SEEK: Salford Environment for Expertise and Knowledge

January 2008

From Narrative to Spectacle: An examination of Contemporary Theatre performance.

Adams, K 2008, From Narrative to Spectacle: An examination of Contemporary Theatre performance., Phd Thesis, University of Hull, Hull, UK.


Drawing on Debord and Baudrillard, this thesis takes its starting point the shift from text to image dominated representations of the world. It argues the parallel shifts in theatre practice and reception away from work which subordinates itself to textual narrative and towards theatre with foreground the non-textual theatrical elements is becoming more defined in Britain. Within there is a concern with the relationship between narrative, the spectacle and disruptive modes of engagement, drawing out in each chapter a different aspect of the implications for creating and engaging with theatre where the spectacle of society is ubiquitous.


The introductory chapter will first outline how narrative can be defined and discuss the significance of experience of reality through spectacular representation looking at how the notion of the spectator and the experience of engagement with theatre have changed, then the following six chapters will address the relationship between the spectacle and virtuosity in performance; the implications for politics of identity and for resistance to the spectacle; the experience of immersion through participation in spectacular performance; and distance through engagement with ironic spectacle, before in the final chapter, addressing theatre which constructs itself as international through multilingualism and new media technology.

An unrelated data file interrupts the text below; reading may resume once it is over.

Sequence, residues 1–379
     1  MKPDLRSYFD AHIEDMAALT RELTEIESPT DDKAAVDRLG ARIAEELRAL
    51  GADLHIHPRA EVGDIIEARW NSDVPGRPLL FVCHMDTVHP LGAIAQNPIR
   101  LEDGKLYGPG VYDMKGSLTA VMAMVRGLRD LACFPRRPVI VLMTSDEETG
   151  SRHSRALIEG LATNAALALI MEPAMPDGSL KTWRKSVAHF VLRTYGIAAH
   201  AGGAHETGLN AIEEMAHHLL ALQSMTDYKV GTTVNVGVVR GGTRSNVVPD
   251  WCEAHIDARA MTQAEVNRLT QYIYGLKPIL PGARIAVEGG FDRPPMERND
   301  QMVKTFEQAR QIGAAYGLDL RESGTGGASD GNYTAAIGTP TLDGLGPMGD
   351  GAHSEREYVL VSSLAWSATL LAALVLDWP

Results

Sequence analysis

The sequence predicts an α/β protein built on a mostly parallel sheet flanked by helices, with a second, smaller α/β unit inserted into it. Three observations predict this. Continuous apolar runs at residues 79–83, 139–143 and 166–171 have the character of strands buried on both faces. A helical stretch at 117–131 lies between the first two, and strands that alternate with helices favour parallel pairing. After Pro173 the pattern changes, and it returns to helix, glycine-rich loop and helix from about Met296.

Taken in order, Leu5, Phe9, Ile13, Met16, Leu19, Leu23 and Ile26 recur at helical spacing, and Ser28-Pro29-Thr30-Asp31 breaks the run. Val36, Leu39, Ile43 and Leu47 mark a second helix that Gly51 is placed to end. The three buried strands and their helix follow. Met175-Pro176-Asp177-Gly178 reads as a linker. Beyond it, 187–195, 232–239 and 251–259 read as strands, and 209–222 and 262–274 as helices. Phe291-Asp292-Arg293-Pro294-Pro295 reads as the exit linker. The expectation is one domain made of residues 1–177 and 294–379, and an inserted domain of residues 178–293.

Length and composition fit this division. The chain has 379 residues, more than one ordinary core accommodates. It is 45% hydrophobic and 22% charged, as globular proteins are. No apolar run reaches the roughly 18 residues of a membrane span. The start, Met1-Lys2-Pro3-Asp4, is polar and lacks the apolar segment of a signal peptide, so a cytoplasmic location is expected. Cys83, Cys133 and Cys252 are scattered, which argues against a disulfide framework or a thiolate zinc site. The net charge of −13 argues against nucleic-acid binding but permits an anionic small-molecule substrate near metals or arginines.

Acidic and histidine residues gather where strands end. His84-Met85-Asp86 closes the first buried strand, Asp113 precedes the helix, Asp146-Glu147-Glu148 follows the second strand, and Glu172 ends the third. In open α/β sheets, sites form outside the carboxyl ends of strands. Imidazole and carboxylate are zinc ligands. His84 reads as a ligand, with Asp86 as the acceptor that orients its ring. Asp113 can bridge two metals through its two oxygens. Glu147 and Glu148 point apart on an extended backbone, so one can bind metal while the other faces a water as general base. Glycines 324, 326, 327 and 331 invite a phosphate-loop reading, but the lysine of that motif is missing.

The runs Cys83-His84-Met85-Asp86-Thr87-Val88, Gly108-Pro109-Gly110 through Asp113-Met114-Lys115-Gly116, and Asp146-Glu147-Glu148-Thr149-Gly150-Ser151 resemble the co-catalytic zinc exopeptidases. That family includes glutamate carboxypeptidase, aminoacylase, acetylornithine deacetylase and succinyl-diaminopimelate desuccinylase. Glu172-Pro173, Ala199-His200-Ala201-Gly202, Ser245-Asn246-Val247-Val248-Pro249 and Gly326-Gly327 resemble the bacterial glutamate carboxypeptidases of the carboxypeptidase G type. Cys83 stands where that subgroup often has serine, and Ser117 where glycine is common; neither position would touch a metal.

Each chapter focuses on one or two practitioners examining one of their performances in detail in relation to one of the areas outlined above. This analysis will be based on my own experience as a spectator, research into the companies, their reception in the media and academic writing, and where possible through interviews with members of the company.


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Publication Details

Thesis Type
Phd Thesis

Publisher / Institution
University of Hull
Hull, UK